The answer to all these questions is in our document on the subject. I hope that the Secretary of State will not slide off answering the criticisms which have been made of the state of our forces and of their equipment by asking question on this one subject which, as I have pointed out, is a matter of foreign policy and not of defence. I will, nevertheless, give the right hon. Gentleman the answer to that question, but he will convict himself if he does not deal with the other criticisms which have been made of him.
The answer to that one is that the question of possession is different from the question of ownership and independent control. As the right hon. Gentleman will see in the non-nuclear club declaration of our party, we are dealing with the independent manufacture and the independent control. At the moment, as the Secretary of State would say if he were honest with the House, we do not manufacture any tactical nuclear weapons of our own. We have no independent tactical nuclear weapons. The Secretary of State is being more dishonest than he could possibly expect to get away with.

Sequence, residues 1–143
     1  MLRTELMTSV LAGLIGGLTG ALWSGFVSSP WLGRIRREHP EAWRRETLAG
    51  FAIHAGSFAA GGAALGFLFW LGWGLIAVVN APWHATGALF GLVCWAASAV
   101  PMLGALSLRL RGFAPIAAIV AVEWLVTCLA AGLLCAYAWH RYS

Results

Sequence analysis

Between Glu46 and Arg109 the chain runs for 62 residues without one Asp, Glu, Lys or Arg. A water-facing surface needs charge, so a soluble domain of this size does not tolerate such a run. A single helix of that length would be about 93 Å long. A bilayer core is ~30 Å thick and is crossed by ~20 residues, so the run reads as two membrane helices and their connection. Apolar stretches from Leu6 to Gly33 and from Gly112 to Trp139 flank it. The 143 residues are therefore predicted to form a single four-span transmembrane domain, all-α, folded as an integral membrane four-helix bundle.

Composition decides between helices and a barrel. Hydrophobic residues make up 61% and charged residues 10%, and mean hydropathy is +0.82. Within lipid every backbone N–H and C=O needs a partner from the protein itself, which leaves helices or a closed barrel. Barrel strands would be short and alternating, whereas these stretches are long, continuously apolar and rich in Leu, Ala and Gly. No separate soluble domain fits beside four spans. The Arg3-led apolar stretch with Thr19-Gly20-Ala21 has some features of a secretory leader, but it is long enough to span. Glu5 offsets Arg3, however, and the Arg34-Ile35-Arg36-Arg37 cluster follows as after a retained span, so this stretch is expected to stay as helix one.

I assert—let the Minister deny—that there is no independent tactical nuclear capability in this country today. Therefore, anything that we would be saying on that would be no different from the position today. If the right hon. Gentleman feels so sure that we ought to have an independent tactical nuclear capacity, why has it not been provided?